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Abeja Dispatch

Introducing Egypt's Living Dead

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Here in Cairo, the Egyptians don't celebrate Halloween. But then again, they don't have to! Every day thousands of people flock to see the living dead! Their eyes still stare out at you, their faces, black and desiccated, can still be recognized. It's really freaky. Cairo is an ancient necropolis, a city of the dead!

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Fortunately for us all, the dead aren't just wandering around in the streets, they're kept locked away in the Egyptian Museum. They say it's to protect these mummies of the pharaohs and queens (some of which are over 4,000 years old) from sand, air and light, and from the living, like us. I wonder, though, if it's really not to protect us from them! I mean, to the ancient Egyptians, these were the bodies of gods who had eternal life, and needed to be worshiped and have offerings made to them for eternity. I don't think that laying behind glass in a dark room full of gawking tourists was exactly what they had in mind! I sure don't want any powerful gods mad at me!

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Lost and found. These carved heads of gods were recovered from grave robbers trying to sell them or smuggle them out of the country. Because of this, Egyptologists don't know anything about their history or where they are from.

The first thing Kavitha and I did in Cairo was go to visit the ancient pharaohs at the museum. They were wrapped up in linen bandages from their ankles to their wrists to their necks, but their hands, feet, and faces had been exposed by professional mummy un-wrappers. We weren't allowed to take pictures, so all I can do is tell you that it's amazing to look at the faces of kings and queens who lived thousands of years ago! Some had precious stones laid in their eyes, but on others I could see straight down into the empty eye sockets! But the skin was all there, and some had eyebrows and other details painted on their black faces.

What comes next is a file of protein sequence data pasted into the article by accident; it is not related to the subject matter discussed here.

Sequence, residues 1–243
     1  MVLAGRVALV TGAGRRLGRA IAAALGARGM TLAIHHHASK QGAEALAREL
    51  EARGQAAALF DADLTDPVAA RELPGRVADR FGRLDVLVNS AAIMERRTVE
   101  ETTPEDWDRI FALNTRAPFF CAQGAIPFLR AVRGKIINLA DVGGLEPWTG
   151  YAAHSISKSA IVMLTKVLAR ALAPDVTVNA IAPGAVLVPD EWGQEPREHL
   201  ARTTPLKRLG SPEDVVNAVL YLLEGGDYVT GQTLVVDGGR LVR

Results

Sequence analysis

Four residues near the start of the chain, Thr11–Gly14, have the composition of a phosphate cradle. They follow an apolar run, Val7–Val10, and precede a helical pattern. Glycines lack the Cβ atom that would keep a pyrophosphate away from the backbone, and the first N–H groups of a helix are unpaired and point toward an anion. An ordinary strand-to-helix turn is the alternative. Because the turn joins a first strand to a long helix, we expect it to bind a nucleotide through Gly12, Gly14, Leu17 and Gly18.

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Can you decipher this? These hieroglyphs are carved into the side of a black stone coffin.
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To the ancient Egyptians, their pharaoh was a god, and the life force that emanates from all gods, called 'kas,' had to be protected. Therefore, the pharaoh's body needed to be preserved. In pre-dynastic times, before the pharaohs, people were buried in shallow graves in the sand. Because it was so dry, their bodies were naturally preserved, kind of like beef jerky. But when the pharaohs came along they started to build mastabas-large mud "tombstones"-to put over their graves and elaborate sarcophaguses in which to bury their sacred bodies. The idea was probably to venerate and protect them, but they discovered that the bodies, once protected from the heat, sand, and sun, began to rot and decompose. Yuck. I'd hate to have been the poor priest to discover that!